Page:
This is a blog post for the Ontario Extend module CURATOR with a contribution to the curator activity bank – Holy CRAAP.
After using the online form for the video resource suggested, I found I was not alone in my observations. I also found that my observations were not the average and may have skewed the results. While I may be more critical of online resources or less patient in my search for the veracity, reliability, currency, accuracy or purpose, I’m hard pressed to find any use for this specific video in my teaching practice. I’m thinking there needs to be another layer to online detection for educators – is it useful in part or full, for the students I am teaching?
This idea about detecting what’s R.E.A.L (Reliable, Effective, Authentic, Legitimate) in the web spaces we inhabit is something I’ve included in the media and digital literacy courses [Digital Teaching and Learning Module 5] I’ve taught so not a new topic of reflection. I’ve used the CRAAP analogy before. Finding Howard Rheingold’s CRAP detection resources – particularly the 100+ detection resources as a ‘clickable index’ – is helpful, but only goes so far. In this document created by Rheingold, there is one small section exploring the detection resources for education – not nearly enough here.
So as I’m curating this compilation of resource around the topic of analyzing the web for veracity, authenticity, currency and reliability, it was no surprise to find this in my Twitter notifications stream.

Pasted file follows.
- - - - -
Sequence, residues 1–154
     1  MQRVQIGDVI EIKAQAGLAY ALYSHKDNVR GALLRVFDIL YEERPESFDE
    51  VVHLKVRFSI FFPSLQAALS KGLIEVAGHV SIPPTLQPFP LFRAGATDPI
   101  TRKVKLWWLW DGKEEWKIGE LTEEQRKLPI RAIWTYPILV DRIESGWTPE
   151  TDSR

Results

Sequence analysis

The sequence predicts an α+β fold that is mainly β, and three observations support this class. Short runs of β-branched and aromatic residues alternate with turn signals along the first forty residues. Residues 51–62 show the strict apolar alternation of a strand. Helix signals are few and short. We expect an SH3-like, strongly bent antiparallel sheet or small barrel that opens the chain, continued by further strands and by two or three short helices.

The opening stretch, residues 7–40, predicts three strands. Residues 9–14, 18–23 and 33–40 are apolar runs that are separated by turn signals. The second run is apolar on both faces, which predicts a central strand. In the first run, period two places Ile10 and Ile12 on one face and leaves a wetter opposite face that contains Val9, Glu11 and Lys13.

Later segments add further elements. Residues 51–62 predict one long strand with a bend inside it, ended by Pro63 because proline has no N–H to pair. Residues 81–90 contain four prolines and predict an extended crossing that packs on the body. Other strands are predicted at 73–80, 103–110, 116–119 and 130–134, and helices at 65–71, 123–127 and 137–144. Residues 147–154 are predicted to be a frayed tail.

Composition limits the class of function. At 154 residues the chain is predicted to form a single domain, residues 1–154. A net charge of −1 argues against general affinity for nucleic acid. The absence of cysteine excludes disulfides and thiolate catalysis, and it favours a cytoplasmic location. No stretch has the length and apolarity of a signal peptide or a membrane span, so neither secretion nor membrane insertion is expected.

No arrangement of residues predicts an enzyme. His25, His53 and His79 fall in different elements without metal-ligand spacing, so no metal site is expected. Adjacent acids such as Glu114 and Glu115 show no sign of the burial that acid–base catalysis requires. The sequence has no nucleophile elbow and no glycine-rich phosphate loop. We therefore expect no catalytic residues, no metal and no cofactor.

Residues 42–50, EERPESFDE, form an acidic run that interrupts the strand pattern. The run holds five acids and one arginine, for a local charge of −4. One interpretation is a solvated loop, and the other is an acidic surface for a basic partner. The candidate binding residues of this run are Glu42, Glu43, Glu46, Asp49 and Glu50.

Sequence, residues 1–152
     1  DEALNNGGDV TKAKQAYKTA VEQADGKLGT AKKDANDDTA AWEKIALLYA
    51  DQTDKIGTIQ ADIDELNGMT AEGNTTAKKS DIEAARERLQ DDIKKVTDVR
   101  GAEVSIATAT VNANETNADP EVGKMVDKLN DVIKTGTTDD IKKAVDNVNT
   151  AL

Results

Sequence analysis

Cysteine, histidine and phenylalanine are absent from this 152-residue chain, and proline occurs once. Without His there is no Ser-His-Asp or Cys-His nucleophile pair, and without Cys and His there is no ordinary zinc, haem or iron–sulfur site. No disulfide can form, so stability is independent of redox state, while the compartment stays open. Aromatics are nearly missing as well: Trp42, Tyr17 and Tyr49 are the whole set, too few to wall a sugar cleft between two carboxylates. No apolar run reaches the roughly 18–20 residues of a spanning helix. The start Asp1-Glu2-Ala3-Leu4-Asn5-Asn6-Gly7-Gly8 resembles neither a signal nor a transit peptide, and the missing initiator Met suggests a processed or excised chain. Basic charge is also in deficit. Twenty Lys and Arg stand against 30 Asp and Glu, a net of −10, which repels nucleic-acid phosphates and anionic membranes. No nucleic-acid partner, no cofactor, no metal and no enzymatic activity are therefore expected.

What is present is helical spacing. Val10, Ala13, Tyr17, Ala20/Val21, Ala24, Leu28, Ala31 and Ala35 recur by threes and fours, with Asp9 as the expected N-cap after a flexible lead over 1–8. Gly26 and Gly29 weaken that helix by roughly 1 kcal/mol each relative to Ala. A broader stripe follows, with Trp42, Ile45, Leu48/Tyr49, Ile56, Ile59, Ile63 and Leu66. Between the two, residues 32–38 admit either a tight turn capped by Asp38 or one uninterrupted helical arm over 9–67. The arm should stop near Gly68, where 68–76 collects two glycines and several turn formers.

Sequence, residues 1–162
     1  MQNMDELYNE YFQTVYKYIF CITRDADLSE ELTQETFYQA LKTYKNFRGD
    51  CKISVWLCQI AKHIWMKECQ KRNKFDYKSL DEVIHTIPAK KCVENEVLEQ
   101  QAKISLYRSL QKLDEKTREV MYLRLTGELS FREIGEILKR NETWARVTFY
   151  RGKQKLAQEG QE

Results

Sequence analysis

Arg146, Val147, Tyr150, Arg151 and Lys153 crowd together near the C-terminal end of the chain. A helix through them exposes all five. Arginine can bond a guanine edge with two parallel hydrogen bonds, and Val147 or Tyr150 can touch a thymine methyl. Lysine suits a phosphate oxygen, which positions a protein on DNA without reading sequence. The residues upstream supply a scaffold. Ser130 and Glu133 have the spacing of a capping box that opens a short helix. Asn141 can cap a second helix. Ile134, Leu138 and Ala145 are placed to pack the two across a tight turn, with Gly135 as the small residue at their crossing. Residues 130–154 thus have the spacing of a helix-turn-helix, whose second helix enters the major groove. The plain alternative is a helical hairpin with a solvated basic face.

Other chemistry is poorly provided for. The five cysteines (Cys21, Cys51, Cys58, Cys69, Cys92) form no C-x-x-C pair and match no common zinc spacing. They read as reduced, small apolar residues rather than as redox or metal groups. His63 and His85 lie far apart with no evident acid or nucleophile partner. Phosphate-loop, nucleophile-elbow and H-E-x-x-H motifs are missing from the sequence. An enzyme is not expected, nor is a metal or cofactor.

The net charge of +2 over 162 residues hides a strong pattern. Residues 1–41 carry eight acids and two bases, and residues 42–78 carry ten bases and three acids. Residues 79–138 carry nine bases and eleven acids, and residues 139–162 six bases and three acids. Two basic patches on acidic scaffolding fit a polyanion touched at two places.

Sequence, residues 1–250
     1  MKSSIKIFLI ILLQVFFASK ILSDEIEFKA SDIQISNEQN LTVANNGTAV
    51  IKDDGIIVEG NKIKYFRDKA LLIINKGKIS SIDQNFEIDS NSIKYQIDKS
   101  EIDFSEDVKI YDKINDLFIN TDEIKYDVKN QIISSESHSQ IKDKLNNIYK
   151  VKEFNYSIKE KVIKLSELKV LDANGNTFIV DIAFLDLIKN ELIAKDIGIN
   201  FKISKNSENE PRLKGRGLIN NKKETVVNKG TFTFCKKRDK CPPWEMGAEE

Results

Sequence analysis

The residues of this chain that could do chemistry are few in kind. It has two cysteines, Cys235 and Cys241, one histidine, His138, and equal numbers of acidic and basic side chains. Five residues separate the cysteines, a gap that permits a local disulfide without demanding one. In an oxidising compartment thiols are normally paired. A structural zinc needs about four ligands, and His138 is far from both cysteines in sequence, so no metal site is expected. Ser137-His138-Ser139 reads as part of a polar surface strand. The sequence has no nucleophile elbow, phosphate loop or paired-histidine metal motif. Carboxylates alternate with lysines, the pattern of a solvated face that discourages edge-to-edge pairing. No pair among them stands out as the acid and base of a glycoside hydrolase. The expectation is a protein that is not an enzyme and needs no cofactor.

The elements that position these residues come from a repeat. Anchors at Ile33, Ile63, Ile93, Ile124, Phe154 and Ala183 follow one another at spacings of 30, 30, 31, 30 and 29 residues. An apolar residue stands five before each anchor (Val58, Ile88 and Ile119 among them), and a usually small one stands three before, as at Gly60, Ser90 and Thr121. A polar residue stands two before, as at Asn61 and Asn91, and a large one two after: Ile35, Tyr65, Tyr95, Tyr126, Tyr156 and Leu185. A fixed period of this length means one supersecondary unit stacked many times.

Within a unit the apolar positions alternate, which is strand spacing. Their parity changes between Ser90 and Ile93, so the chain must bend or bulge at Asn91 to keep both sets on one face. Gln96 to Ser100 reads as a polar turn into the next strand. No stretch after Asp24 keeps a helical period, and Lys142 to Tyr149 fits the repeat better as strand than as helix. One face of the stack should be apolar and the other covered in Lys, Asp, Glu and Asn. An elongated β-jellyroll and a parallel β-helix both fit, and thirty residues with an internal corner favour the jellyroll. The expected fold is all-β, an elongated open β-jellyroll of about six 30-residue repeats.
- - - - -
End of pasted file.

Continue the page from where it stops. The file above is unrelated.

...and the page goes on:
Since Donna Miller Fry is one of those people in my circles of influence whom I trust, I decided to take a closer look at what she was saying.
This led me to Dave Cormier’s blog post Beyond the Tree Octupus – Why we need a new view of K12 (digital) literacy in a Cambridge Analytica world. In this post he leverages the word TRUST as a key factor in examining web media. Rheingold also brings this into the equation in his book Net Smart: How to Thrive Online. Sources we trust are shaped by our bias and perspectives. While I may not trust Facebook and never have, others I know are active in that space because they trust Facebook to provide the service they need. My ‘craap’ radar goes up every time I enter into Facebook spaces. I particularly like this video with Howard Rheingold talking about crap detection [Crap Detection 101: How to distinguish good and bad information online]
So how do we teach our students in K-12 and higher education spaces about trust and veracity as they navigate, use, create and share in web spaces. This Pressbooks OER resource will come in handy – Web Literacy for Student Factcheckers by Michael A. Caufield – specifically Chapter 4: 2 Four Moves
These four moves include: check for previous work, go upstream to the source, read laterally, and then circle back. These four moves are certainly a way to build trust for a source or resource. For educators, the back matter of this book has a section on ‘position to know: expertise, opportunity and access’ which may shed some light on moves relevant for educators as we analyze, synthesize and evaluate web resources for our teaching and learning.
What strategies do you use to teach students at all levels and stages of education to build in these four moves. As Rheingold states, “learning to live mindfully in cyberculture is as important to us as a civilization as it is vital to you and me as individuals” (p.1)
Caufield, M. A. (2017, January 8). Web literacy for student fact checkers …. and other people who care about facts. PressBooks. Retrieved from https://webliteracy.pressbooks.com/
Rheingold, H. (2012). Net Smart: How to thrive online. Retreived from https://mitpress.mit.edu/sites/default/files/titles/content/9780262017459_sch_0001.pdf